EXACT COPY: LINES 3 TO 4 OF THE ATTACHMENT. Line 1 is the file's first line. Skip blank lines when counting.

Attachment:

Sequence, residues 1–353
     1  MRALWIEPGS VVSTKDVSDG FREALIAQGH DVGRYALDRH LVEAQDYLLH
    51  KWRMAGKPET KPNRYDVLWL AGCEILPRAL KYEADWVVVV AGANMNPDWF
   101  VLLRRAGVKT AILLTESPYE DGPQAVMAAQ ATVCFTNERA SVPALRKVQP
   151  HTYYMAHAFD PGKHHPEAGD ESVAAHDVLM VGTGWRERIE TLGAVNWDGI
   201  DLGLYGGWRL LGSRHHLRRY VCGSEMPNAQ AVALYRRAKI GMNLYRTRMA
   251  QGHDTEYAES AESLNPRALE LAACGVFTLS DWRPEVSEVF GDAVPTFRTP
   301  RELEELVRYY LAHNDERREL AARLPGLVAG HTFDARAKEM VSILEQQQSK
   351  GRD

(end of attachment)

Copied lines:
    51  KWRMAGKPET KPNRYDVLWL AGCEILPRAL KYEADWVVVV AGANMNPDWF
   101  VLLRRAGVKT AILLTESPYE DGPQAVMAAQ ATVCFTNERA SVPALRKVQP